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July 18, 2012 / Man in the Mirror

What is Bill C-31? What will it do?

Bill C-31 is a new law that proposes to dramatically change the way that Canada welcomes immigrants and refugees. Bill C-31 will affect individuals and families who flee their home country and come to Canada to ask for protection. Canada has a system in place to hear the stories of these individuals (called refugee claimants) and to decide if they meet the international and Canadian definitions of needing refugee protection: Are they refugees? Should Canada offer them a new, permanent home?

Bill C-31 will change the way that Canada decides who is a refugee. The bill proposes to treat refugee claimants differently depending on the country they came from or the method they used to come to Canada. If passed, it means:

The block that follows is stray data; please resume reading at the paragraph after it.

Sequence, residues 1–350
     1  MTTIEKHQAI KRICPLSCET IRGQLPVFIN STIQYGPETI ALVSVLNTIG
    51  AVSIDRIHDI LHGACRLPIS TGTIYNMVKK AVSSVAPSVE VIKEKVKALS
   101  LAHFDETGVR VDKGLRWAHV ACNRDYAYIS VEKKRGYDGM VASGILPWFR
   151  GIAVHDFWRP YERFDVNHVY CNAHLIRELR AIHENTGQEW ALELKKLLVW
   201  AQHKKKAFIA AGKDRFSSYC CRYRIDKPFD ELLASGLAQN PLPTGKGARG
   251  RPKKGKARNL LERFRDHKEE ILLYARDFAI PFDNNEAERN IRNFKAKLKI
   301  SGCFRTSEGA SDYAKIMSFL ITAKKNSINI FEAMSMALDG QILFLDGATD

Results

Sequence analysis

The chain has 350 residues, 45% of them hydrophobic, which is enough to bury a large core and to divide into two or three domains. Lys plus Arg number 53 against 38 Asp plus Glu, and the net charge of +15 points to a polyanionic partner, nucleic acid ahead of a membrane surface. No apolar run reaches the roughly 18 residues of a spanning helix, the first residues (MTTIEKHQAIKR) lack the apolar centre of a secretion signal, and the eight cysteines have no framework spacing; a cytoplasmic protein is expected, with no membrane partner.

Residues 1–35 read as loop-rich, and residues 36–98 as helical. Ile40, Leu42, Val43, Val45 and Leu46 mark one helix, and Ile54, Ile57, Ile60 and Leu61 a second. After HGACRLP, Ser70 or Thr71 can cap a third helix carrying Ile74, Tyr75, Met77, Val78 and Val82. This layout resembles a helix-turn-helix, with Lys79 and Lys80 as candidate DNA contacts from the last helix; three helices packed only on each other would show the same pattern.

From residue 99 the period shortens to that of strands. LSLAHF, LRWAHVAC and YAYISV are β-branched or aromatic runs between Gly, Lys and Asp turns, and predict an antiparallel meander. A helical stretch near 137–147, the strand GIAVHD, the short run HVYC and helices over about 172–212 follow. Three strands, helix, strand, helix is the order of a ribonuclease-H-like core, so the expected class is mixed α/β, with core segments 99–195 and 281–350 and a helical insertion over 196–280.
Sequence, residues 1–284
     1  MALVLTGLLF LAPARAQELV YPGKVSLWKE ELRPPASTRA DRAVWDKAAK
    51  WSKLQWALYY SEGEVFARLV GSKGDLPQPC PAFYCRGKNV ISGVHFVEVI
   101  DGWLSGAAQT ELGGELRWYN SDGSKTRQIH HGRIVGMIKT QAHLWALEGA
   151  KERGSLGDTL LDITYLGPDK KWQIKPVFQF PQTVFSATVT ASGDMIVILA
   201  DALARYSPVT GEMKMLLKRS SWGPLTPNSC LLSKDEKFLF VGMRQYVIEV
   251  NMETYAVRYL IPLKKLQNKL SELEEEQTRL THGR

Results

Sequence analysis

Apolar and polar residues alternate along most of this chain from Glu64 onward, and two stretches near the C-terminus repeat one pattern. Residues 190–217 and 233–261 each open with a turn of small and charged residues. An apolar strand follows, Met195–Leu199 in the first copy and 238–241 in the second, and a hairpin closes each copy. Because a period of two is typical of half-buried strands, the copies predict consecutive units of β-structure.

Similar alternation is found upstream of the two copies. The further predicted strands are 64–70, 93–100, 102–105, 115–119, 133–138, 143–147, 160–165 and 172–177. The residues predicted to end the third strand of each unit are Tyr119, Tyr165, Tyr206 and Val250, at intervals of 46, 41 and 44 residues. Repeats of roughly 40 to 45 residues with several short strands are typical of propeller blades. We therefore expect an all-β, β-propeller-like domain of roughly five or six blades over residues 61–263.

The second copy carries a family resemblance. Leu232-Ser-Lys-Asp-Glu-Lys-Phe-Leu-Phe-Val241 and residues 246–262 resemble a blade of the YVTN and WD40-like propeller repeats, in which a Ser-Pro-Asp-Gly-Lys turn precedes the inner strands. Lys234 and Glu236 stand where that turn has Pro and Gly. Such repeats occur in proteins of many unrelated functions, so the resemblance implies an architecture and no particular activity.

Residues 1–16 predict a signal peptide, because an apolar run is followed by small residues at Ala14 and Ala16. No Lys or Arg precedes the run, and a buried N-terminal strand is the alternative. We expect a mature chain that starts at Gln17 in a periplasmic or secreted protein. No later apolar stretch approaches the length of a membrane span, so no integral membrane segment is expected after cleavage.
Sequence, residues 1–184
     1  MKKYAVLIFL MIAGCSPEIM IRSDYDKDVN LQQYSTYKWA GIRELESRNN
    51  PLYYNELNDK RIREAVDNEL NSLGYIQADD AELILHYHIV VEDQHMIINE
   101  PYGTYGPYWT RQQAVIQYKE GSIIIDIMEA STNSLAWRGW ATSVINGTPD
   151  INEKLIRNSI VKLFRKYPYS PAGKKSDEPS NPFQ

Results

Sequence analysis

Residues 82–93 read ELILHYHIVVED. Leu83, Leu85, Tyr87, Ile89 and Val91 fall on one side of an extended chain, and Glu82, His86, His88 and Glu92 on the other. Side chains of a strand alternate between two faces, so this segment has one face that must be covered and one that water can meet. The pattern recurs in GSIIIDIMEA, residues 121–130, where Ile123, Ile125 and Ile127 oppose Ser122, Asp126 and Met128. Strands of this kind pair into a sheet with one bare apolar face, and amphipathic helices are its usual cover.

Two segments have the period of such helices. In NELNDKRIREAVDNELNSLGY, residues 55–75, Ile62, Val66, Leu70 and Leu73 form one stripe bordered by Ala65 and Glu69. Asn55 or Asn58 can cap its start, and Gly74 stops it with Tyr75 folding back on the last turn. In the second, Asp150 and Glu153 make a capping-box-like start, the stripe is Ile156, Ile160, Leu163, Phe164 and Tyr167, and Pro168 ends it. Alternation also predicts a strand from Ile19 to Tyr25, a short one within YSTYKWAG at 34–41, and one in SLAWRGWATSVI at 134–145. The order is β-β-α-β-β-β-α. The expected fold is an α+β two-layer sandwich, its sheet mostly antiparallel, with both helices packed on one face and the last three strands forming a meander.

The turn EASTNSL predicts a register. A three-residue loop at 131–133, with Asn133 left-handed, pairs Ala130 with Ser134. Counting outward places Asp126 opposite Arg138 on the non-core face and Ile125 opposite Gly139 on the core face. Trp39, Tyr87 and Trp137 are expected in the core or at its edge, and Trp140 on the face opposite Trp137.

• Putting some refugee claimants for one year, if the government calls them ‘irregular arrivals’ (Refugee claimants wouldn’t be given the benefit of the doubt that they were forced to use a smuggler to escape persecution).
  • Less time for some refugees claimants to prepare to tell their story to Canadian officials and to gather documents that support their story.
  • No chance for some refugee claimants to appeal a poor decision or to share new information to support their story.

In addition, several sections of Bill C-31 violate Canadian law (the Canadian Charter of Rights and Freedoms) and international law (the Convention relating to the Status of Refugees and the Convention on the Rights of the Child).


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